Posted: April 28, 2009
Use negativity to reap positive results
Groups work best when you "go with the flow"By Scott Halford
If you want positive results, you may very well need to go negative first. There is a natural tendency for human beings to dwell on and believe the negative, and that can work for you.
In a 2001 Yale University School of Management study, Sigal Barsade proved that we tend to believe negative emotions more readily than positive ones. Barsade also discovered that negative emotions are more “contagious” in a group setting than positive emotions.
These findings are especially apparent during the daily barrage of negative news of the economy.
We see negative emotional contagion show up at work around the coffee pot and in the lunchroom in the form of rumors and gossip. It also appears in meetings, and that’s where it can have the biggest impact on an organization. It serves as an analogy for what’s happening in your company at large.
It takes a good deal of skill for a meeting leader to turn a gripe session around and get participants to focus on what can be done instead of what cannot. From a human interaction standpoint, many leaders lack the understanding of what is actually happening and can't move the meeting toward a place where there is cooperation and good problem solving. Issues consequently go unresolved and nothing gets accomplished. What follows are even more frustration and negative feelings, which then become contagious outside of the meeting and permeate the entire organization.
Add to this another finding about human behavior: the Ziegarnic Effect. Prominent psychopathologist Dr. Bluma Zeigarnic discovered that we come into a full state of consciousness and alertness through negative events. Our brains are more “greased” when we are muddling in the negative, and our ability to be critical is sharpened.
Negative events turn on the adrenal glands to make us ready and alert for flight or fight. And that is often what ends up happening in a contentious meeting – participants either want to fight or get as far away from the negativity as they can. Suffice it to say, whether we admit it or not, our brains are oftentimes more switched on during battle than at other times.
Go with the flow of human behavior
These pieces of research make it necessary for us to change the way we go about running meetings - and corporations. We can either carry on business as usual or learn from these valuable findings and “go with the flow” of human nature.
The next time you run a meeting that has the potential for a lot of disagreement and naysaying, remember that negative emotions are very contagious: Through negative events, we become most alert. Try the following technique, which takes into account both of these findings, and I think you’ll find it very useful.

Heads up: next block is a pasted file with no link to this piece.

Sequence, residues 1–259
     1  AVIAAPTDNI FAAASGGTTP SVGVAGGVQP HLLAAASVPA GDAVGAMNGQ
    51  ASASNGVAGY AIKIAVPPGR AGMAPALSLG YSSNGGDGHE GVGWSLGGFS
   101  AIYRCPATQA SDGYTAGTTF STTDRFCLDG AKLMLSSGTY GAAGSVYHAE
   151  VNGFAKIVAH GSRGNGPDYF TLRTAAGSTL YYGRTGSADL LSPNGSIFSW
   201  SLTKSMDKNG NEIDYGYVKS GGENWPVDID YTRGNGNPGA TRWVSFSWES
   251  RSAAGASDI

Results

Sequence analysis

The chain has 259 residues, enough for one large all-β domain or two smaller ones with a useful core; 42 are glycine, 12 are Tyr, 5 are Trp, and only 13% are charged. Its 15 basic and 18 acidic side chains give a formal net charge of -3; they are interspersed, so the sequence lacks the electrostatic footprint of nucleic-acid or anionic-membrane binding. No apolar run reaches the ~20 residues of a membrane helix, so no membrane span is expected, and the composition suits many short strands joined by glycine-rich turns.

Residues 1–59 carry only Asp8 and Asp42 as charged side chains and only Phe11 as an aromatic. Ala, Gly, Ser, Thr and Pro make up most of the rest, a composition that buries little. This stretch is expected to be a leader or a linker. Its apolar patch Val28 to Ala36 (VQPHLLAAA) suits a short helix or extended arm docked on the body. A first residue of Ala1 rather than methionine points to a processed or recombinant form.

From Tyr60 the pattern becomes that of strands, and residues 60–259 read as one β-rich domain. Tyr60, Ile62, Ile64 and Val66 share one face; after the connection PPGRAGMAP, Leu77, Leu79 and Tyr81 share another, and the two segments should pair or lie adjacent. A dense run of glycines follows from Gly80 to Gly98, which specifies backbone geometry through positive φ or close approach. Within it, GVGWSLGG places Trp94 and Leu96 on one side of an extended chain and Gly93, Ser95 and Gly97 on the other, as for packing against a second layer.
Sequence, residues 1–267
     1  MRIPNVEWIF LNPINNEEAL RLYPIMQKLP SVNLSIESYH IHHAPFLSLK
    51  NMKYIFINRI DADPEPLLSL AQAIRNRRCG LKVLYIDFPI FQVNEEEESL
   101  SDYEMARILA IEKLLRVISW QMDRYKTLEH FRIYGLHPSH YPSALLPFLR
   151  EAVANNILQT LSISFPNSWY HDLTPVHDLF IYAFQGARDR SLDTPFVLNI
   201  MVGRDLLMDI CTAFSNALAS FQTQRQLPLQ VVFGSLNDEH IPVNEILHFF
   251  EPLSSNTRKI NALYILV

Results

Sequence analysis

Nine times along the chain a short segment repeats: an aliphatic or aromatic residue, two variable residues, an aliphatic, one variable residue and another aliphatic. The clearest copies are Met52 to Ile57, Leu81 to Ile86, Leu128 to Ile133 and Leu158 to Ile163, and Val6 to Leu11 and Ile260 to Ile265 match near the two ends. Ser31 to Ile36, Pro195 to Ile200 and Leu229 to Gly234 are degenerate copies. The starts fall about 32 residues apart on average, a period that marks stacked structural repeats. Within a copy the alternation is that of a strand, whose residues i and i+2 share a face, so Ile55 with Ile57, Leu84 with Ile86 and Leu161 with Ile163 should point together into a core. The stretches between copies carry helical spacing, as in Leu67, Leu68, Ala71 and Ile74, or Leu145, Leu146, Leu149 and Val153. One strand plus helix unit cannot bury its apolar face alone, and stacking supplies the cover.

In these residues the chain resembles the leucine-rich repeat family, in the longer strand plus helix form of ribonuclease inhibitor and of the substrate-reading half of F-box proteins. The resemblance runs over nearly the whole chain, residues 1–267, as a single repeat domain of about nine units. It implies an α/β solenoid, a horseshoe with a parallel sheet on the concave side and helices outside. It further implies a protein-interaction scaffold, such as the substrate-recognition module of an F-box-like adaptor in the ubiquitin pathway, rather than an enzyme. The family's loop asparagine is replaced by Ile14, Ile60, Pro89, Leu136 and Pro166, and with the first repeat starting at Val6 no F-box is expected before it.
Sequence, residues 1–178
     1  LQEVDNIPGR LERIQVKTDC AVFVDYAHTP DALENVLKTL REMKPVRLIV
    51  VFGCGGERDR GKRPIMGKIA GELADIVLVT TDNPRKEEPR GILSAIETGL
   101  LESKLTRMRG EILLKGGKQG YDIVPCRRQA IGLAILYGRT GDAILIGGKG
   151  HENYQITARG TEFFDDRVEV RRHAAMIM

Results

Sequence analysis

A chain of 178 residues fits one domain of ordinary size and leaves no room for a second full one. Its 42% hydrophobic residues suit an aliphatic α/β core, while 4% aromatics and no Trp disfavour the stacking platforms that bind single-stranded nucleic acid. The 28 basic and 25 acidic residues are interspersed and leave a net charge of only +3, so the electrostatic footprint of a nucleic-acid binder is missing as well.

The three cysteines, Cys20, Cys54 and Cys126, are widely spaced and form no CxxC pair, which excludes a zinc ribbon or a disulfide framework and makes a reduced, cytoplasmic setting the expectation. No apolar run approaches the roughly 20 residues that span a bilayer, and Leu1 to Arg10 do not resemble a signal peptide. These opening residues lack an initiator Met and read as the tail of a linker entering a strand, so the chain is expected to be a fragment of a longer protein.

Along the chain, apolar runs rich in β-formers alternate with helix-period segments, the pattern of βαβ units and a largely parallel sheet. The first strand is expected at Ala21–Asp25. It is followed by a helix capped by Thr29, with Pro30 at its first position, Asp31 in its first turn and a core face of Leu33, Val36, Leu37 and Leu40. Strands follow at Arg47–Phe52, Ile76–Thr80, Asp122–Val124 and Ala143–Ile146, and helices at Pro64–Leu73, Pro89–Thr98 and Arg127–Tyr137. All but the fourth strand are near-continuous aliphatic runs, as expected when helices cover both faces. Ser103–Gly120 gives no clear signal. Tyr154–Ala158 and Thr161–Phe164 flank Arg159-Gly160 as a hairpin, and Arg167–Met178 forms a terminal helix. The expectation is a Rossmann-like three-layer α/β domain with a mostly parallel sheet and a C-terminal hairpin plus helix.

Your “negative people” are going to have a tendency to pick at almost anything. They see it as their job to protect the organization from the disaster that might unfold if they do not speak up. They can either become your worst enemy or your best ally.
When you open your meeting, announce the idea or issue you’re trying to solve and then explain to the group that you want to shoot as many holes in the idea as possible. That’s right. You’re going to rip it apart. Give them 15 to 25 minutes to discuss the downsides of why the idea would absolutely not work and the obstacles in the way of it being successful.
Keep the input on a flipchart. After this negative session, announce that now that you all know how not to make the idea work, challenge them to find ways to make the idea successful. Keep these “can-do” ideas on a flipchart. Make sure the critical-minded people give input. People have a way of believing their own data. When they hear themselves talk about approaches to make the idea happen, you’ll have easier buy-in.
When you use this method, you acknowledge the Zeigarnic Effect. You cause alertness to rise and set in motion the wheels of an idea by allowing the group to do what it will naturally do, which is to look for the negative.
You’ve gotten those objections and obstacles out on the table so they aren’t festering and growing and becoming lethal in a participant’s mind. You’ve contained the negative so that it doesn’t become contagious. Finally, you’ve turned the meeting around to focus on the positive. Participants leave with a sense of accomplishment and feeling as if they’ve been heard.
Negative emotions and looking for the downside are a strong tendency, especially in groups. When you understand and apply the research around emotional contagion and the Zeigarnic Effect, you’re working with the flow. Lean into the negative, and you make it a positive.
Scott Halford is the president of Complete Intelligence™, LLC. His new book, "Be a Shortcut: The Secret Fast Track to Business Success” is available now. Contact Scott at www.BeAShortcut.com.